Our first book club meeting took place at Monica Bissett's home in Richmond Hill on October 23, 2014. Members can join the book club at anytime by emailing us at email@example.com
Below is information on the first book being explored and a link to purchase the book online at Amazon.
A discussion board is below and members are encouraged to share their questions and comments with other members. Following each meeting, we will share our notes below as well.
The first book our club will explore is: Kids First: Five Big Ideas for Transforming Children's Lives and America's Future.
It may "take a village to raise a child," but most American families are struggling, with diminishing social support, to do the job on their own. While parents work longer hours for less and the costs of childcare, healthcare, and college skyrocket, the share of the U.S. budget spent on kids has fallen 22 percent since 1960. More and more children may well not make it to a healthy, productive adulthood. That's terrible for them - and for us as well.It doesn't have to be this way. In this book, renowned expert David L. Kirp clarifies the importance of investing wisely in children. He outlines a visionary "Kids First" policy agenda that's guided by a "golden rule" principle: Every child deserves what's good enough for a child you love. And he offers lively and inspiring, on-the-ground accounts of five big cradle-to-college initiatives that can change the arc of all children's lives: strong support for parents; high-quality early education; linking schools and communities to improve what both offer children; giving all youngsters access to a caring and stable adult mentor; and providing kids a nest egg to help pay for college or kick-start a career.
Notes from Meeting of October 23, 2014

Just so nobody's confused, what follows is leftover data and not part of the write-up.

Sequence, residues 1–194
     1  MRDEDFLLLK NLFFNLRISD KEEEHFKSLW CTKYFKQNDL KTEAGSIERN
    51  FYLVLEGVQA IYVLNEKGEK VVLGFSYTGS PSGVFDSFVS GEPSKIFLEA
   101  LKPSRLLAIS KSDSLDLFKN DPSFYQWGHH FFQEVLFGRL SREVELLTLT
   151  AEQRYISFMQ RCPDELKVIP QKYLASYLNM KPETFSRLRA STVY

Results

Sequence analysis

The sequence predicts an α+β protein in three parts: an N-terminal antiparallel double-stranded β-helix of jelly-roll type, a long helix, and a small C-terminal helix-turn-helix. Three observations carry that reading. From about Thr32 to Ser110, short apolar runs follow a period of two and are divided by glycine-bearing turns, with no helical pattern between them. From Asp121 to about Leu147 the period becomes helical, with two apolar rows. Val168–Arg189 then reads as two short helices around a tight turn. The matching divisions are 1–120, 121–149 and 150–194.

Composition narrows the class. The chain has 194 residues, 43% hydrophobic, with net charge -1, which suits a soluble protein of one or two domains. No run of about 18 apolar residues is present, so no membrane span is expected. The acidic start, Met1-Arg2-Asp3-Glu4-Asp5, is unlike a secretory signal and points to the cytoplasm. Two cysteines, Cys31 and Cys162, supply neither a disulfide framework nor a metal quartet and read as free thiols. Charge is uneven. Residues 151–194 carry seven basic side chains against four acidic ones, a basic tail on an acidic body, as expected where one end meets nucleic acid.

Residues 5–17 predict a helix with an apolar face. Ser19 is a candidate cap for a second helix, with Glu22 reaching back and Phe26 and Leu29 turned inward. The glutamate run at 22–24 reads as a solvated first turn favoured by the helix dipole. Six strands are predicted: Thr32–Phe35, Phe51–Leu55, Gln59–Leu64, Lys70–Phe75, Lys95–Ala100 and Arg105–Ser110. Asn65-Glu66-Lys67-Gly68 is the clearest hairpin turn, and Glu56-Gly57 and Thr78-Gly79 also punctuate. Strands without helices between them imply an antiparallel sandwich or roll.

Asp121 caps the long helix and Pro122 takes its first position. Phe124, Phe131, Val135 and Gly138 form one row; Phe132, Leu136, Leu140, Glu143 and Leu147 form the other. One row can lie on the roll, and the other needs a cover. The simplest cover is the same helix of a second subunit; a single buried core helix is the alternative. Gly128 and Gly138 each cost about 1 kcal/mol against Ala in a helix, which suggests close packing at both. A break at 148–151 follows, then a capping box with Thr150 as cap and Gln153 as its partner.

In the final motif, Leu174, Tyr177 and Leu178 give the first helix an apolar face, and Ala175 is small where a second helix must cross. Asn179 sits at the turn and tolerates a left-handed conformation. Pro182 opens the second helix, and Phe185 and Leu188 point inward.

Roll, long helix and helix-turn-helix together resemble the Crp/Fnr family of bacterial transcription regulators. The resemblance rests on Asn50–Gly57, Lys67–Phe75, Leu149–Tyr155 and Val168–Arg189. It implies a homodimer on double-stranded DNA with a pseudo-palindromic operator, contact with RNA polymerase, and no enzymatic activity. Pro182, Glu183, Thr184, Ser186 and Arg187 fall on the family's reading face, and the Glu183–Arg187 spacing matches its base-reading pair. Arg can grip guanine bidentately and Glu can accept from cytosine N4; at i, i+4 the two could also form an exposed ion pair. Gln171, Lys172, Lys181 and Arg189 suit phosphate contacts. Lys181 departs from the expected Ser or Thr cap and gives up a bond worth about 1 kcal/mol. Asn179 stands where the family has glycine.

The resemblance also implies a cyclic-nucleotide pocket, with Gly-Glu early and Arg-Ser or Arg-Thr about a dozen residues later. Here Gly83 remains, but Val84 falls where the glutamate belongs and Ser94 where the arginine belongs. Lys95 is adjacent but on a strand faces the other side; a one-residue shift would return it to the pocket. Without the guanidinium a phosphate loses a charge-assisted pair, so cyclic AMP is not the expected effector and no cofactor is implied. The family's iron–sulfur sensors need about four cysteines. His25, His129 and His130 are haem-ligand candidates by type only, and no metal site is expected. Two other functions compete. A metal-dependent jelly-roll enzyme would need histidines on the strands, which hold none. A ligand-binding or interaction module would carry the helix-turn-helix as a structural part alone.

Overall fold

After introducing ourselves we shared our reasons for joining the club and our expectations for the club.
- to continue involvement in a community of professionals
- professional learning
- to keep abreast of current practices
- for those retired or not working - to hear from the working community
- to provide input based on experience and knowledge
- to listen to different perspectives
- to engage with passionate professionals
- would like to read works that are relevant (Canadian content)
- want an eclectic mix of works( research, practice based etc.)
- hope to expand the number of members to include a diverse group (ie ECEs working in different areas of the field, front line, faculty, etc) to get a broader input
We then talked about the purpose of the book club as suggested by the AECEO (from the Read, Reflect, Review e bulletin)
The structure of the club was discussed and it was decided that we would try monthly or bimonthly meetings, rotate roles of facilitator and recorder and hopefully rotate meeting places to give members a chance to have meetings perhaps closer to home or work. A suggestion was made that libraries as meeting places would be appropriate. The question of how books were to be chosen arose and the suggestion was that the AECEO have a list of recommended books and the club members would reach a consensus on which books would be read.
Two of those present had read it so we decided that we would hold off discussion until the others had a chance to do so. We will cover the first two chapters of the five in our next meeting. This book is by an American author and deals with what is happening in the United States, so we have tasked ourselves with attempting to compare and contrast with our knowledge of our Canadian experience (ie similarities and differences) as to what our key learnings could be.
The members have decided to send each other key questions and ideas that they would like to use as a format for discussion prior to our next meeting.
Below is a forum for members to share their notes and communicate with each other for the Book Club.